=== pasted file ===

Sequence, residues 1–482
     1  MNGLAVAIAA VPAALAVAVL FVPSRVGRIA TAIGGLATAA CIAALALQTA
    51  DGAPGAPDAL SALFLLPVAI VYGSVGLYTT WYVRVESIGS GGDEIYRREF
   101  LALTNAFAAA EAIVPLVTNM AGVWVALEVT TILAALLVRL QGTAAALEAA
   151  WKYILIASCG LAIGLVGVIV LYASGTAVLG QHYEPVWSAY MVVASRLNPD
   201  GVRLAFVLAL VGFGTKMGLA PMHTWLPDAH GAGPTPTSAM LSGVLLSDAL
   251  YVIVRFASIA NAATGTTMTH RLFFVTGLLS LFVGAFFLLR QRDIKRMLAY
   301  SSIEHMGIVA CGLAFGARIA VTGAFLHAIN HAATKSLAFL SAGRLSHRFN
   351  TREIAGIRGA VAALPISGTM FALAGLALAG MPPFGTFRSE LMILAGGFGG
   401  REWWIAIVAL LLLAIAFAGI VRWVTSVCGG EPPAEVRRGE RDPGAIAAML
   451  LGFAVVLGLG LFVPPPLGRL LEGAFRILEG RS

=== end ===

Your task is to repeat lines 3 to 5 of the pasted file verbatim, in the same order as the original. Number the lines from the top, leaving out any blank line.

    51  DGAPGAPDAL SALFLLPVAI VYGSVGLYTT WYVRVESIGS GGDEIYRREF
   101  LALTNAFAAA EAIVPLVTNM AGVWVALEVT TILAALLVRL QGTAAALEAA
   151  WKYILIASCG LAIGLVGVIV LYASGTAVLG QHYEPVWSAY MVVASRLNPD